At any rate, I’m all kinds of fuzzy about how the original three races came to be, but recall 3rd grade hands going up in the air asking why this and how that and what about this, and then somebody saying, “unt un... my mother said...”

Naturally I was intr…

When Opinions Cross the Line

Two literary topographies brought this historical commentary together; a social media Headline asserting some books are irrelevant, and Stacey Dash’s memoir, ‘There Goes My Social Life’. (My other thoughts here).

I didn't pause long enough to so much as note the social media headline, but did pause after catching wind of Stacey Dash's outspoken stance on supporting American businessman and Republican politician, Mitt Romney. Stacey is an American Actress notable for her role in the film CluelessSIGH—I’ve never seen Clueless, but have seen this actress in other films... which was what inspired me to want to read her memoir. Being a Big Picture thinker, I couldn't make heads or tails out of the hoopla behind her outspoken political views.

My great-great grandfather, born in America in the mid 1800’s, was a Republican. Per my father, historically the American working class primarily voted Republican, though he, and then me, marveled about my great-great grandfather's r…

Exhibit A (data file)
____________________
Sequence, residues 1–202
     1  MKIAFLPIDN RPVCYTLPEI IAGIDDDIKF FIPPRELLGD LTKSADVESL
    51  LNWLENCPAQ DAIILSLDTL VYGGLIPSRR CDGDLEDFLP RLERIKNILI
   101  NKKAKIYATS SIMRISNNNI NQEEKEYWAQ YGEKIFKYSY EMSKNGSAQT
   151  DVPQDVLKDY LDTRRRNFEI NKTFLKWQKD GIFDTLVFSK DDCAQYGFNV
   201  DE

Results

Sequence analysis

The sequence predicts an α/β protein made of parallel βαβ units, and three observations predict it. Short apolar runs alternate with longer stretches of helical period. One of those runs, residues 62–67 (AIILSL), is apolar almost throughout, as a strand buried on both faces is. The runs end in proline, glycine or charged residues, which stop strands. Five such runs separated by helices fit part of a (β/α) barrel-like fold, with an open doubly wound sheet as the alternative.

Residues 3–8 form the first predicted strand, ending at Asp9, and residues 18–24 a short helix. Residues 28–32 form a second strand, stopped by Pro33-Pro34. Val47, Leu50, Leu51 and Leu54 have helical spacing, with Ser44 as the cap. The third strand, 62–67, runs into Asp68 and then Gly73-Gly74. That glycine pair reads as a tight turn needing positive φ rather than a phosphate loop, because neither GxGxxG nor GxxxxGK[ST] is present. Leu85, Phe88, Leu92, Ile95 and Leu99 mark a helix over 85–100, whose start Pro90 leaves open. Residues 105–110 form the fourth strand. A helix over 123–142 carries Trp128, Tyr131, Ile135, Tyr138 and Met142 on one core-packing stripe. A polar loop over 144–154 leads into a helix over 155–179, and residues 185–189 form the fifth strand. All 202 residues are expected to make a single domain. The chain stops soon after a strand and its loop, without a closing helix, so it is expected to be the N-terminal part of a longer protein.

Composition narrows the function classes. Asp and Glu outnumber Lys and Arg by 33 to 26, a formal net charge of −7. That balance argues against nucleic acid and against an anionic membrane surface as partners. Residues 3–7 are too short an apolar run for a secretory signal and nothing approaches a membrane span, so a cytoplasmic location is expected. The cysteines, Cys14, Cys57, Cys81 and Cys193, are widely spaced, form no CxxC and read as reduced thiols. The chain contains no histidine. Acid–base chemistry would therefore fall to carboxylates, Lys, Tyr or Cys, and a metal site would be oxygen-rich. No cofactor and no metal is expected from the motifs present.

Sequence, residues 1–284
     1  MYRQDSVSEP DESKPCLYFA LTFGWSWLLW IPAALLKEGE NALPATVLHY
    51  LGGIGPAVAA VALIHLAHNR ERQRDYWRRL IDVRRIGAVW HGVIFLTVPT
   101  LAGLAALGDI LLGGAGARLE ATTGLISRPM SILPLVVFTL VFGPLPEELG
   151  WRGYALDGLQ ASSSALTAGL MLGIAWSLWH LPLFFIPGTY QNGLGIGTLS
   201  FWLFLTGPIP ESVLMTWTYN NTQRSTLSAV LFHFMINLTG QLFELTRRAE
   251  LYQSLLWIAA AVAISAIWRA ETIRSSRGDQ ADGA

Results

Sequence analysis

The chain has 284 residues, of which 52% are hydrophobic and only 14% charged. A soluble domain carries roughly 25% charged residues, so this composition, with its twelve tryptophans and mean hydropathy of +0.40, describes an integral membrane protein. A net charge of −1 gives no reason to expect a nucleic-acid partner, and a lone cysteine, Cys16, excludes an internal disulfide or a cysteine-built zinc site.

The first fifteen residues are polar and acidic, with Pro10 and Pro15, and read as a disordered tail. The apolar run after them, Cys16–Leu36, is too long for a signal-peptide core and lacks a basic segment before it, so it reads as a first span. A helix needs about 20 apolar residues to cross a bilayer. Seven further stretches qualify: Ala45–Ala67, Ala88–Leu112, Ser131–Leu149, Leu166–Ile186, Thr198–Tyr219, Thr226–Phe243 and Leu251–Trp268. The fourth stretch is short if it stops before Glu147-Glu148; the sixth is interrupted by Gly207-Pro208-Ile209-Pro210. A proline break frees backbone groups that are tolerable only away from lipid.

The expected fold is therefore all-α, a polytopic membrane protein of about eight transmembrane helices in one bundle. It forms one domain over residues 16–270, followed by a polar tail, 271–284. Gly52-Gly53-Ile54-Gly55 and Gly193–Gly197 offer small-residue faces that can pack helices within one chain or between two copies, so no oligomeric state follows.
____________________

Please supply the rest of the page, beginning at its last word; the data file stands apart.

What Makes a Book Feel Good? ...A Top 10 List

When you it’s said... live and learn, you learn LOVE comes in stages. So far, I’ve come across three stages of love. Puppy Love. Hormonal Love. And the ultimate love. Unconditional Love.

Lo and behold albeit, after finally getting around to reading Roy Blount’s memoir, “Be Sweet” (a memoirist who has at least twenty some years on me), I got to reading him summarizing unconditional love as ‘just an expression’ ..."like any other two words." Now, because his memoir is largely satirical, and given the title, on top of knowing better to think I know more than my elders (haha), it was hard to tell whether to take the definition seriously or facetiously. Whichever the case, as of today I define unconditional love without conditions. Unlike puppy love, built largely on a giddy childish infatuation superficially marveling over things or people, or that hormonal love responding to the cyclones and ebbs moving our hormones in this invisible like cylinder, there are no ifs, ands…